Do you get the feeling your co-workers have been avoiding you lately? Are your antics rubbing them the wrong way? Be honest with yourself and check this list to see if your behavior has turned you into the office pest.
Whether it’s an endless tirade about the boss or her own overflowing to-do list, you just can’t seem to shut up about what’s bothering you.
Why You Do It: “Whiners can be people who are constantly unhappy or dissatisfied with their lives. They find some sort of relief from this tension by airing out their grievances to others,” suggests Tina Cheng, a counseling psychologist.
Why It’s Annoying: Really, who wants to sit through your rants and negative vibes?
What you can do about it: “[A] positive way of coping is opting to act instead of complain,” says Aldwin Gregorio, a human resource management practitioner. If the air-conditioner’s temperature in your work area gives you the sniffles, call maintenance and ask for it to be turned up. Be proactive.
You cut people off in mid-sentence, wait impatiently in front of a co-worker while she’s on the phone, or plop down beside her “just to catch up” when she’s obviously busy.
Why you do it: Such people may be overly decisive, says Julie Jansen in the book You Want Me to Work with Who? “[She] has already made up [her] mind about what to say or do next.” She goes on to say that interrupters may also lack respect for others’ opinions or knowledge, curiosity about anything other than their own perspective, and awareness of this habit.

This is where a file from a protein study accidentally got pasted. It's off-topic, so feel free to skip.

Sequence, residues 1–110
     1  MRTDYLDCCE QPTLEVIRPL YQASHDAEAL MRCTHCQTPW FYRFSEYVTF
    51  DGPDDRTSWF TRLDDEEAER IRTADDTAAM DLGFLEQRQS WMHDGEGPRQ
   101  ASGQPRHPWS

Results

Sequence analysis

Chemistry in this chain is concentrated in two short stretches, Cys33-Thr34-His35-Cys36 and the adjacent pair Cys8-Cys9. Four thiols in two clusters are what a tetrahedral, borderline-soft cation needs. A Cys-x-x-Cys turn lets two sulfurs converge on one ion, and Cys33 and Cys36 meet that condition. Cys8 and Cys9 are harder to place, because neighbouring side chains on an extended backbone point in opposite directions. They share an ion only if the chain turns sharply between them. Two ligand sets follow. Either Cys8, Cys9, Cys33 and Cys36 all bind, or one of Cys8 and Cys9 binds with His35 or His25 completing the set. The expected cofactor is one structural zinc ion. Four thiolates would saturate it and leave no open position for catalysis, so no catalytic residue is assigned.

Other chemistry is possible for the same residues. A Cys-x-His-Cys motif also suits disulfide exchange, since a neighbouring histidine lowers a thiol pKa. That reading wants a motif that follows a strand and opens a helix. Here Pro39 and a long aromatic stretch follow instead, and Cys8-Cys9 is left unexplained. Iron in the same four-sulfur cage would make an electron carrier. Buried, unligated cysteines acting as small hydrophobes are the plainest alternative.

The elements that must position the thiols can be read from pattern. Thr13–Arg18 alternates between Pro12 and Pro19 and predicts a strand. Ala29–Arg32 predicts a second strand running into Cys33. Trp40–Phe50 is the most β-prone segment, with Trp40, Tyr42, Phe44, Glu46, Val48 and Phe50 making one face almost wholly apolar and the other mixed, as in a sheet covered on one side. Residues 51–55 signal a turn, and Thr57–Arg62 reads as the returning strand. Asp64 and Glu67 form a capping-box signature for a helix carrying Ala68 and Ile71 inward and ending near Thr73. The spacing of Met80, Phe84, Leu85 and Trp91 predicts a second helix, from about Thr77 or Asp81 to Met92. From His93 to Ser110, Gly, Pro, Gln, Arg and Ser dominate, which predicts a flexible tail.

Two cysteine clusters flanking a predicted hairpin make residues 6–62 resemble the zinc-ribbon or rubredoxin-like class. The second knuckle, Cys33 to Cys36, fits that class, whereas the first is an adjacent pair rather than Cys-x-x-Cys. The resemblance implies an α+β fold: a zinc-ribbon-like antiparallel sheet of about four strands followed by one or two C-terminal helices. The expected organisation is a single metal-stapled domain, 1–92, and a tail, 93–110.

Why it’s annoying: Co-workers find it tedious when they’re never able to finish a sentence, a thought, or the task at hand.
What you can do about it: Make a conscious effort to listen to what others have to say, instead of focusing on what you want to voice out. And the next time you find yourself tapping your foot outside a busy co-worker’s cubicle, turn around and come back at a later time.
You’re constantly calling in sick, even when you aren’t!
Why you do it: You may have lost the drive to go to work. “Poor morale, lack of motivation, listless performance and a poor sickness record go hand in hand,” says Roy Lilley, author of Dealing with Difficult People.
Why it’s annoying: Just because you aren’t around doesn’t mean your work disappears. When you’re absent (yet again) because of a “horrible stomach flu,” other people are left to pick up the slack—and that’s on top of their own personal tasks.
What you can do about it: Address, rather thanavoid, your office issues. Pinpoint what it is that makes the office the last place you’d want to be in. It might be time to examine your career direction.
THE REVERSE HYPOCHONDRIAC.
You come to work even when you should be in bed, convincing everyone else—and yourself—that it’s “just a little cough.”
Why you do it: You’re a workaholic; or you want to get brownie points and gain sympathy for showing up even if you’re ill.
Why it’s annoying: You may be physically present, but your sickness can prevent you from performing at your optimum level; thus, your work is compromised.
What you can do about it: Companies give sick leaves for a reason—so stay home and use them when your body demands it.
If you seem to begin every other sentence with “Did you hear about…,” then you may just be the office gossip.
Why you do it: It’s a way of “connecting” with officemates. “On the other hand, [gossipmongers] are bitter people who would like to control the perceptions of other people around them,” says counseling psychologist Cheng.
Why it’s annoying: People start to wonder what you say about them when they’re not around.
What you can do about it: Talk directly to the people concerned especially if there are issues involving them.
Not sure if you’re exhibiting any of these traits? Be brave and get feedback from your co-workers. If you can’t ask them directly, observe their behavior when they are around you. Knowing, after all, is half the battle. Now take those steps to rectify the situation.
(First published in Marie Claire, February 2007; photo source: sxc.hu)